Monthly Archives: August 2008

Obama fatigue, or why you need something new


The Economist notes that America may be growing tired of “Yes We Can,” inevitably dulled by 18 months of excitement about Barack Obama. Which reminds us of the new VW Beatle.

In 1998 Volkswagen released a curvy new take on the Beatle, an egg of sheet metal over the Golf Mk4 platform (leading the few grumpy critics at the time to call the Bug “a Golf in drag”). Consumers drooled. We couldn’t get enough; heads turned on highways, cars sold out, VW ran billboards stating “Other Cars Are Beginning to Look Funny” … yet eventually the love affair stalled.

People always need something new. Keith Rayner and Alexander Pollatsek recently hypothesized, in The Psychology of Reading, that humans are trained to seek the “newness” in communications to help make sense of the world. We are awash in old data and need to find new information to survive — and if we don’t see something new, a sort of “error signal” eventually occurs. Rayner and Pollatsek were assessing how people digest words, but the same holds true for the world at large. New information finds deer, improves crop yields, teaches you how to brew beer, tie knots, build machines, win wars. If you don’t find the new, new thing, your competitor does … and your genetic chance of survival pales.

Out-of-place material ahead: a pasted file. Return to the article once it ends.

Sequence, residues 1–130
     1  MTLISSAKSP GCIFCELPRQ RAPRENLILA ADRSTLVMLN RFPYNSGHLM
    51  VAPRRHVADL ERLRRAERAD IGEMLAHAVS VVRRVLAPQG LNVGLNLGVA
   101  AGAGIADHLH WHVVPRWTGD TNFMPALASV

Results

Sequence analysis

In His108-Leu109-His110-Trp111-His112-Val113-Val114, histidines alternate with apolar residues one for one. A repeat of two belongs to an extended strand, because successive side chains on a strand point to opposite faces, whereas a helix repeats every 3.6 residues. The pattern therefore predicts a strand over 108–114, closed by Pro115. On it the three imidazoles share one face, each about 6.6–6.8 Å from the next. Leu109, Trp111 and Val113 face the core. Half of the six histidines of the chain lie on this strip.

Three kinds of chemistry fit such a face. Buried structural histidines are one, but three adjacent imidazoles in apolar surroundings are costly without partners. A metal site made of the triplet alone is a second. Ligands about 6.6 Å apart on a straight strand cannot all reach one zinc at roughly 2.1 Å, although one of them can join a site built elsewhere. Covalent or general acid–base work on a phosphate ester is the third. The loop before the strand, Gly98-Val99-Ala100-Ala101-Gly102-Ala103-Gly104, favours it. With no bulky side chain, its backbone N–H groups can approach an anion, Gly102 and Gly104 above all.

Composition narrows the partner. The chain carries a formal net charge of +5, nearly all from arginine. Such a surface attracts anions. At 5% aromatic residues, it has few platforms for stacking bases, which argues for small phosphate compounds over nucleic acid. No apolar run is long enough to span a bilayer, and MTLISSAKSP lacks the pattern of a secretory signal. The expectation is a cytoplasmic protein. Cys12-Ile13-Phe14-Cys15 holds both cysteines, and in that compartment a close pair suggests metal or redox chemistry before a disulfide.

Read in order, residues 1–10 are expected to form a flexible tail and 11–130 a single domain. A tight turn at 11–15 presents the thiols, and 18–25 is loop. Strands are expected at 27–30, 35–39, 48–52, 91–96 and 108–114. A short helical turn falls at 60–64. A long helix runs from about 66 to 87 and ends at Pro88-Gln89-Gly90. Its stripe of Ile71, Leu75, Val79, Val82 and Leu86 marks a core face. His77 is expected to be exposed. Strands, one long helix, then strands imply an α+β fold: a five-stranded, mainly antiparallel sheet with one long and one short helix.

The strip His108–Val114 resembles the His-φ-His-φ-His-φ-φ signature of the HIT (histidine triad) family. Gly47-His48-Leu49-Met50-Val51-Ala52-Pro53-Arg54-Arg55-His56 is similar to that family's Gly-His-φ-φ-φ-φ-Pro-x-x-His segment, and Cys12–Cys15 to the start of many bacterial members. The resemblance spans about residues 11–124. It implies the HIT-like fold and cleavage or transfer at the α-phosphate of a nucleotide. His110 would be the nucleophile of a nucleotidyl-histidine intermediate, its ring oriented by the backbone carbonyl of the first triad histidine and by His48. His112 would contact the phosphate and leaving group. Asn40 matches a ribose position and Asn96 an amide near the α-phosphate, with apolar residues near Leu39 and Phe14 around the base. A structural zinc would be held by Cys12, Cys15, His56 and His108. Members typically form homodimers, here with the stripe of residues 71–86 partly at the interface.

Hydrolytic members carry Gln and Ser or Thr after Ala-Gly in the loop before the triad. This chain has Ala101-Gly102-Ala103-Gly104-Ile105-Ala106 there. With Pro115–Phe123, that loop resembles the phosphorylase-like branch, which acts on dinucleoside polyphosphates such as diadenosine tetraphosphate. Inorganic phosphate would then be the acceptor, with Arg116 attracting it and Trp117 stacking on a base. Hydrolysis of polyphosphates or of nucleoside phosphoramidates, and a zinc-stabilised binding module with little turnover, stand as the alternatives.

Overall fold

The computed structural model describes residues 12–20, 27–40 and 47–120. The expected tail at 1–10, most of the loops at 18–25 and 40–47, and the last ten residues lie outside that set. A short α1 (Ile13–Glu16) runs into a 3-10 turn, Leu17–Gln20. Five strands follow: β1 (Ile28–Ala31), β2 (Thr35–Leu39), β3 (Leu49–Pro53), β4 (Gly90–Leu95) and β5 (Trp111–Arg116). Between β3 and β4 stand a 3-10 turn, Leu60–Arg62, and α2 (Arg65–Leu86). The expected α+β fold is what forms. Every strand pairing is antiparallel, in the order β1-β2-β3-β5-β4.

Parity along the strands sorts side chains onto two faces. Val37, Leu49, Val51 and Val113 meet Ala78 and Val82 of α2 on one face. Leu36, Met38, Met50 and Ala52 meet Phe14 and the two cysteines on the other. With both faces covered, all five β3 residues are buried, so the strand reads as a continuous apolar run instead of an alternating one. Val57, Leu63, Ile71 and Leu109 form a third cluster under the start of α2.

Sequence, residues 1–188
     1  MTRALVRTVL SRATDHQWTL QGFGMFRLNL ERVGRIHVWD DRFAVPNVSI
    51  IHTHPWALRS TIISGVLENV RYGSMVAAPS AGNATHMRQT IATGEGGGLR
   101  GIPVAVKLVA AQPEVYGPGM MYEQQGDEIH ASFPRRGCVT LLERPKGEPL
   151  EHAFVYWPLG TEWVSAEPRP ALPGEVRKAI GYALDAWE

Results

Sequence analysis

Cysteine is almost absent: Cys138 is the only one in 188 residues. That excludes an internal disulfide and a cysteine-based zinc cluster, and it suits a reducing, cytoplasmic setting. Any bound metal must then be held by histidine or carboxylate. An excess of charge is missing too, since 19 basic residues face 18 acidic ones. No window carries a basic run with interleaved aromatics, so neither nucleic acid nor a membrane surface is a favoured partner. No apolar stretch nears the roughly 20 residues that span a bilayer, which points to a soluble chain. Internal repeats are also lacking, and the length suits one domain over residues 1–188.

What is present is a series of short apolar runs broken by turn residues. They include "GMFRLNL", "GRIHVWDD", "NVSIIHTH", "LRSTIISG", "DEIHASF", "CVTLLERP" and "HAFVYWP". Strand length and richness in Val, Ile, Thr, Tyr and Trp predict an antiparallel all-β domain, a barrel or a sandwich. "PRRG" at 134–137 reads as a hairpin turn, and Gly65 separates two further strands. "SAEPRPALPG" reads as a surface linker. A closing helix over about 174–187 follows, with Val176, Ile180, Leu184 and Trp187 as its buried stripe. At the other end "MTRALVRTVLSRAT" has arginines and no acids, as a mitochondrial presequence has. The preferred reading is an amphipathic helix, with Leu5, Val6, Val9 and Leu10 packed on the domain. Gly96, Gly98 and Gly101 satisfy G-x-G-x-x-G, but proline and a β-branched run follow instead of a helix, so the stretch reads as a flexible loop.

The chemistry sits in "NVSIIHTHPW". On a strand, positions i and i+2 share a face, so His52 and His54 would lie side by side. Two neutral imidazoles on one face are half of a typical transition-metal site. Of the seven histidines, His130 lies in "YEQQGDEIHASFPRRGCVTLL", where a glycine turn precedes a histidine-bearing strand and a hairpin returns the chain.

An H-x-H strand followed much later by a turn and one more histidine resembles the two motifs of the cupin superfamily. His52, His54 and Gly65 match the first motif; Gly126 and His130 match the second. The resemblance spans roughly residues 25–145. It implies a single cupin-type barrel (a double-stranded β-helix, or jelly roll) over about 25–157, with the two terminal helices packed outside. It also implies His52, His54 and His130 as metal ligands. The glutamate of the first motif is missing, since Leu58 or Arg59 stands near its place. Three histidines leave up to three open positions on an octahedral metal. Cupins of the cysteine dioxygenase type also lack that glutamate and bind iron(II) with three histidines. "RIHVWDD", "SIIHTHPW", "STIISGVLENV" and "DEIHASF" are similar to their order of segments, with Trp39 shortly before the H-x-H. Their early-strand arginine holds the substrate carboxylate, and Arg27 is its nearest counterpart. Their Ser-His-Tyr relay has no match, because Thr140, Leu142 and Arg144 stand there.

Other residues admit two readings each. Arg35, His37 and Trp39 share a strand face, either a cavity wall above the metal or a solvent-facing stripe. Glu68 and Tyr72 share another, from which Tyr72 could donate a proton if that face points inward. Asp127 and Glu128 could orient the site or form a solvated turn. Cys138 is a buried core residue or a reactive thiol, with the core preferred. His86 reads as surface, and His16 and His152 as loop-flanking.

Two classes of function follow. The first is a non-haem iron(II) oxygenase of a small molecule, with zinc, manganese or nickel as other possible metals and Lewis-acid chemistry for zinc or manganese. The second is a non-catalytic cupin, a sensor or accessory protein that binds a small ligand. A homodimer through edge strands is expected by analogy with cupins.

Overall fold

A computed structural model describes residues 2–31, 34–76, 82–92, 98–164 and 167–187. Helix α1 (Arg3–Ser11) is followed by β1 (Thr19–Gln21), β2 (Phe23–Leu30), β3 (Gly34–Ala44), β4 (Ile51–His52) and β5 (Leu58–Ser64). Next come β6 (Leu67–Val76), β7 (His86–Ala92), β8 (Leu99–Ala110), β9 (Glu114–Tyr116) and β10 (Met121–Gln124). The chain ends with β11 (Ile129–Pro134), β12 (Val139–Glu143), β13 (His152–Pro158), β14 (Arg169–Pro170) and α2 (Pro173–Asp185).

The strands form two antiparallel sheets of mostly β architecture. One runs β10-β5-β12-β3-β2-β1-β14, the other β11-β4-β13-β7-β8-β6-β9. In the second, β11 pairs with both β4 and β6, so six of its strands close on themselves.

If you are among the 45% of likely U.S. voters who would now pick Obama, your motive may be his branding as “hope,” something new, a breath of fresh air. The campaign is starting to falter, with McCain picking up steam. It may not be the attack ads or the economy or the war or anything more than the fact that after 18 months, something new doesn’t seem fresh any longer.

Photo: Pug Father

Based on tooth decay trends, it’s gonna be a close election


If you’re into data, and we know you are, StateMaster offers a fun, free dive into U.S. consumer behavior. The site compiles data from the U.S. Census, the FBI, the National Center for Educational Statistics and other sources for MRI-type charts and graphs on demographics, housing, energy use, entertainment, crime and transportation.

There are big holes — not much in tying consumer demos to product usage and media — but it’s always cool to play with correlations between variables. Such as dental health and blue vs. red states. We’re just saying.

The speed of W

George W. Bush isn’t out of office yet and a movie is about to be released with Oliver Stone’s take. Barack Obama was set to announce his running mate today, but was forced to fire off the promised text message to followers at 3 a.m. because the news was scooped. John McCain responded to the Joseph Biden pick with a new TV ad out the same day.